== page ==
The Canadian Historical Documentation & Imaging Group, known as CANADIGM, was founded in 2011 to digitally record the historic sites, documents and artefacts related to Canadian history – especially those the general public might otherwise not have the chance to experience.
CANADIGM is a not-for-profit group based in London, Ontario consisting of visual artists, photographers, former educators, mechanical technicians, as well as media and logistics professionals. The tie that binds us together is a dedication to preserve Canadian history.
The group’s current project is called Souterraine Impressions. It involves documenting, researching and recreating images and carvings made in 1917 by Canadian soldiers hiding from the enemy in underground caves in France prior to the Battle for Vimy Ridge. These First World War soldiers carved into the chalk walls to pass the time, but also to leave behind something by which to be remembered – something which has never before been documented. Some of the men were hidden underground for weeks awaiting orders to join the historic battle. This was the first time all four divisions of the Canadian Expeditionary Forces worked together for a common purpose and the Battle for Vimy Ridge was not only a great military success but became for Canada a symbol of national unity, achievement and tremendous sacrifice.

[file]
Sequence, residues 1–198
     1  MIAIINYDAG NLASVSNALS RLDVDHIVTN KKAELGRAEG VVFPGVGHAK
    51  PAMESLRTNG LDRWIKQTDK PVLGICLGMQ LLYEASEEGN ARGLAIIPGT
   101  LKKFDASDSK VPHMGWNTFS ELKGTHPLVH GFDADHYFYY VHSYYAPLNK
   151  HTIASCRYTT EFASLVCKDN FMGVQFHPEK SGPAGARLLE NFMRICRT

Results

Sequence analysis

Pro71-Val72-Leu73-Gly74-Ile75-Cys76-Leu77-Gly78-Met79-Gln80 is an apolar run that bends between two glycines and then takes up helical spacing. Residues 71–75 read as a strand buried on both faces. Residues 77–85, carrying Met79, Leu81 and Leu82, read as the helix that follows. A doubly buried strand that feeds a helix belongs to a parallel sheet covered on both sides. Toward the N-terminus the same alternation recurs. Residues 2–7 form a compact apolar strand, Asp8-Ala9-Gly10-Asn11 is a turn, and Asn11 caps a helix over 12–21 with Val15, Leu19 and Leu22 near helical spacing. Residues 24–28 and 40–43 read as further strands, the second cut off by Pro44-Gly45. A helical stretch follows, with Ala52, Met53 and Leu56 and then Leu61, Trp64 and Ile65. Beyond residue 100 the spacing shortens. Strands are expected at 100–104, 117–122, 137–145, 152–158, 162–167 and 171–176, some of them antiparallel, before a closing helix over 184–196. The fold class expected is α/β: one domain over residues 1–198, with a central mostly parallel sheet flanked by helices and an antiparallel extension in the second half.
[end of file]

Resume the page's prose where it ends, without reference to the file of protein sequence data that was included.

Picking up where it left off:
CANADIGM has documented the soldiers’ carvings, an has researched the men who did them. We are bringing them out of the darkness and into the light of the public domain. We are the only Canadian organization to thoroughly document the Canadian soldiers who were in those caves.
(Read more about this exciting project in our PROJECT section.)

How we work
CANADIGM digitally records sites, documents and artefacts by creating, in a non-invasive manner, digital files using the latest photographic and documentation techniques. These files are archival quality and available for educational and historical research purposes through our archival data bank. By using 3D laser scanners, the finest details can be captured without touching the surface or disturbing an artefact’s natural patina. The 3D image can then be reproduced using a 3D printer, for example, or through a variety of modern machining processes. These images can also be turned into 3D digital files suitable for use on the Web. The high-resolution photographs produce digital image files between 300 and 600 megabytes, which provide extraordinary detail. 
CANADIGM’s services are also available to public institutions and educational facilities that do not have the resources to document artifacts and objects themselves, but would like to have them in a digital format. For further information, please contact us at We’d be happy to discuss your project.
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